BiffBamPop is not without affection for Wolverine. Canadian, opinionated, possessed of undeniable magnetism — it’s safe to say we feel a kinship. And the X-Men always give readers lots to enjoy. And part of the X-Men’s appeal has always been how easy it is for high schoolers to relate to them.
Wolverine went back to school in the first collection of Wolverine and the X-Men, as the founder and headmaster of the newly-opened Jean Grey School for Exceptional Youngsters, on the site of the old Xavier School. With the undeniable resources of the cream of the X-Men as instructors and staff (Iceman the accountant, Kitty Pryde as Vice-Headmaster, Beast as science teacher, Rachel “Phoenix II” Summers/Gray as telepathic instructor), hundreds of years’ worth of his own life savings, and the “Angel” Worthington fortune, it looked like things might just go their way.
Writer Jason Aaron knows that he can’t let things get too easy, though.
In cahoots with the extraordinary writing of Rick Remender on Uncanny X-Force, Archangel has found himself reborn — and found unfit to administer his considerable family fortune. Wolverine’s cash is running low. And the Hellfire Club is not going to let them catch a break, setting the scene for get-rich-quick schemes, unexpected visits from mysterious threats, and the revisitation of one very personal vendetta.
As the last collection of Wolverine and the X-Men before the Avengers Vs. X-Men crossover kicked in and completely overwhelmed the plot of the series (though check out the phenomenal new issue 15 for an example of what the book does at its best!), this book lets the X-Men deal with some of the more random and zany threats they’ve faced over the years. And it’s smart, and easy on the eyes. Nick Bradshaw’s slightly friendlier pencils illustrate the “Kitty’s Pregnancy”/”Logan and Quire, Space Gamblers” arc at the beginning. But Chris Bachalo returns to illustrate issue 8, and if there’s ever been a better match in comics than Bachalo’s savage lines and Aaron’s penetrating prose, I’d like to see it.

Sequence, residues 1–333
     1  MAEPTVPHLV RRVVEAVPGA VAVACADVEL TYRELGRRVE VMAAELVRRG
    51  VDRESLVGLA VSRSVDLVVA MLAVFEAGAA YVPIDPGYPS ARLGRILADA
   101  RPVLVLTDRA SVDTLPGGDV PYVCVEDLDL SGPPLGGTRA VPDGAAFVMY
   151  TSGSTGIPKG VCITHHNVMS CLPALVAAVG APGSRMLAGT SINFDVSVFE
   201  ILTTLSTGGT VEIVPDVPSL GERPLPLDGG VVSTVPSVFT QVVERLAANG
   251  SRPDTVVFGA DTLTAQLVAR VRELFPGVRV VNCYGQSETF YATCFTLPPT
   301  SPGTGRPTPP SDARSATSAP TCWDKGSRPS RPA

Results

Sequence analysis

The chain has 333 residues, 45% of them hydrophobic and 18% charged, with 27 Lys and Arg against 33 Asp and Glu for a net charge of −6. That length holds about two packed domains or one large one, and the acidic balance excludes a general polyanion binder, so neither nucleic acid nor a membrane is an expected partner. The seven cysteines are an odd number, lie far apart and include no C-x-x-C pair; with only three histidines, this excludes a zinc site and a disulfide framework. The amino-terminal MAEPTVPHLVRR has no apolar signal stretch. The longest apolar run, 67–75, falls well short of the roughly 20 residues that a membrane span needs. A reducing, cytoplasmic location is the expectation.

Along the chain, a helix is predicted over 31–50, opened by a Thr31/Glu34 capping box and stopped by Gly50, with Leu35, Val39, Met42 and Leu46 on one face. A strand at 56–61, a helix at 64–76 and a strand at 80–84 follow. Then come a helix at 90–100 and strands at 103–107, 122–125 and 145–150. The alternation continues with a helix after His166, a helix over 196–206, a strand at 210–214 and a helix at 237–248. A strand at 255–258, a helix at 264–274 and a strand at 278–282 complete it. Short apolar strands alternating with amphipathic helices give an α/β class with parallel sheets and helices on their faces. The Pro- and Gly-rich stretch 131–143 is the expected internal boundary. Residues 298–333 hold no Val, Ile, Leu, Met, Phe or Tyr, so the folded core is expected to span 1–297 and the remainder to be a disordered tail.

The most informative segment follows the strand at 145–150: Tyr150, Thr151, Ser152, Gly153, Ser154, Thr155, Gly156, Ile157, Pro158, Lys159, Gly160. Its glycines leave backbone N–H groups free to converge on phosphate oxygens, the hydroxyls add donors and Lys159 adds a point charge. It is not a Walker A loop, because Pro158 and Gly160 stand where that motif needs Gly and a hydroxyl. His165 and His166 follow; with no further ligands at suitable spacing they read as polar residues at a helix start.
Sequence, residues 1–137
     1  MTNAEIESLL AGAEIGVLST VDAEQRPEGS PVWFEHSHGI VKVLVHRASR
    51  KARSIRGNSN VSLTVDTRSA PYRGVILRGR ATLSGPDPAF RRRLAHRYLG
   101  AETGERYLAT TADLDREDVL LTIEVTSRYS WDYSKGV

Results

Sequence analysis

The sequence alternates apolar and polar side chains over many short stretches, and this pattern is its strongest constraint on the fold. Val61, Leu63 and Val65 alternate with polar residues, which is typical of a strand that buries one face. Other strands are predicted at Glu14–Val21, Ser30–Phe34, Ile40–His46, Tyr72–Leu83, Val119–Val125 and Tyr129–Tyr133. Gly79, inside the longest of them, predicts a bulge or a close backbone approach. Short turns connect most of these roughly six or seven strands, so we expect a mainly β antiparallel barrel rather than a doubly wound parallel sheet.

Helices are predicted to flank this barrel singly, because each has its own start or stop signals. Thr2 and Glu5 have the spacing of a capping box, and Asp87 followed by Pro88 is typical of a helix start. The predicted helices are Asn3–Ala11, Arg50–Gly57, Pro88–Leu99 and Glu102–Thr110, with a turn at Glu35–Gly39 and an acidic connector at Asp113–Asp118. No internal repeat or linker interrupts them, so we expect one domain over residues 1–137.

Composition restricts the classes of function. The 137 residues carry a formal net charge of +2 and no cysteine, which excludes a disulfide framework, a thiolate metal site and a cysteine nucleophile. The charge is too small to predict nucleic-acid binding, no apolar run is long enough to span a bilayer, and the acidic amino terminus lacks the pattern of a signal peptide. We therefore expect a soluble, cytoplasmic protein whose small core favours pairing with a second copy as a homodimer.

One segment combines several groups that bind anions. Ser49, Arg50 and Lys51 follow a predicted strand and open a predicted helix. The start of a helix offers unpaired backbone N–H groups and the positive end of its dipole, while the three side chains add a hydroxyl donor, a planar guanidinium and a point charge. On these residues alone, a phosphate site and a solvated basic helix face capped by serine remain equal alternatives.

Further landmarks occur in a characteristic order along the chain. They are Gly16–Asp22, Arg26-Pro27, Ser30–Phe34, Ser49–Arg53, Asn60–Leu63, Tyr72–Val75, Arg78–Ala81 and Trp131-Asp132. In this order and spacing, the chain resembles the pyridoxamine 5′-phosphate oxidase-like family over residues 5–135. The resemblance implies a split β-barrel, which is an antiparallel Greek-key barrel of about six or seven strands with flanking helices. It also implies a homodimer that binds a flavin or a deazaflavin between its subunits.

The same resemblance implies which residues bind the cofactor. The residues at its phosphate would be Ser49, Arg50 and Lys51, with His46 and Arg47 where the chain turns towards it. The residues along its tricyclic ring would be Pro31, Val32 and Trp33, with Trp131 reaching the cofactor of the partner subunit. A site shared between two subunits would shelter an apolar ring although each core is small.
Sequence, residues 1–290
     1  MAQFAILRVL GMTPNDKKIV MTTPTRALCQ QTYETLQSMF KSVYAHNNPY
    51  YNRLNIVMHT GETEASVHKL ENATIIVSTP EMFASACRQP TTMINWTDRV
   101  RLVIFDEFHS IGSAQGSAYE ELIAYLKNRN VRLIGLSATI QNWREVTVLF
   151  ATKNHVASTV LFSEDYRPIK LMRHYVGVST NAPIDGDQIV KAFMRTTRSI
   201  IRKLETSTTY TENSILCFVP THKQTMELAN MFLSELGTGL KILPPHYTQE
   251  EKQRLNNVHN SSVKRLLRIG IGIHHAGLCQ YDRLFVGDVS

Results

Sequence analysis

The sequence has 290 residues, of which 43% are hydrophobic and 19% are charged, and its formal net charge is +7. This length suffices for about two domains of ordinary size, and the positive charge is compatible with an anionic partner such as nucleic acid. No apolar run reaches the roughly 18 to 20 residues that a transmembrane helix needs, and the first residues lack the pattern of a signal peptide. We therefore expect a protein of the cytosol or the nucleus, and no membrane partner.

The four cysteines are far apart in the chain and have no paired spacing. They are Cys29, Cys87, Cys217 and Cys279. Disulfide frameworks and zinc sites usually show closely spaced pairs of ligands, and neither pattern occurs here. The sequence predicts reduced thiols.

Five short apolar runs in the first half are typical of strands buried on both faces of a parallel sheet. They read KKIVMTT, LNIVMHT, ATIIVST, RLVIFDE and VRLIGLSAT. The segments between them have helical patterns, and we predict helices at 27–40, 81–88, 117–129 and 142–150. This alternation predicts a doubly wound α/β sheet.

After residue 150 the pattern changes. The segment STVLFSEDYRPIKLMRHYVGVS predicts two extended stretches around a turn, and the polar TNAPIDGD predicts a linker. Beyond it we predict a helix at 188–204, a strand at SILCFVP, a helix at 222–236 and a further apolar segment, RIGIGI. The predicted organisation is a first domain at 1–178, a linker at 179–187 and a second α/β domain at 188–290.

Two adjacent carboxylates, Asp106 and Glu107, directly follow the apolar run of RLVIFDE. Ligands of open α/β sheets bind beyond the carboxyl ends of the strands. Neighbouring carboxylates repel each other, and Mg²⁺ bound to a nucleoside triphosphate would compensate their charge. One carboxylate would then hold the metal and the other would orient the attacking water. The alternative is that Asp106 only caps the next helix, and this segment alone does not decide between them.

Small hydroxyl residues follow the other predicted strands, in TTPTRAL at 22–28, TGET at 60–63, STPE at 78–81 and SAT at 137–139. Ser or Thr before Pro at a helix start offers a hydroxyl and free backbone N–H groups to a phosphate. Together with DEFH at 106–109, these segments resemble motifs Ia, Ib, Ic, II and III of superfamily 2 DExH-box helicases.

(Okay, maybe Ellis and Immonen on NextWave.)
The only downside here is that, in Marvel Premiere hardcover format, you’re paying over 20 dollars for 4 issues of the series. Now, the title’s great, but five-dollars-per-issue isn’t a comment on quality: it’s just unsustainable for a collector. I like the book, but I can read it a lot cheaper as digital back-issues. So it’s hard to make the case here. Certainly the first four issues of the series make up an exceptional story arc on their own, and this set is similarly self-contained, so there’s some method in the madness, but it’s still madness.
So read it, and love it, but maybe wait for a more cost-effective way to keep up with it. Comic pricing strategies are what they are, but in all honesty, this wouldn’t have been out of place as a pocket-sized book along the lines of Runaways or X-Men: First Class. Wolverine and the X-Men is dark enough that it’s not a “Marvel Adventures” line. That’s fine; Jason Aaron is the writer of the recently-finished Scalped, after al. But these stories of high school and growing up are perfect for teenagers and younger readers, and it needs to be kept within their reach.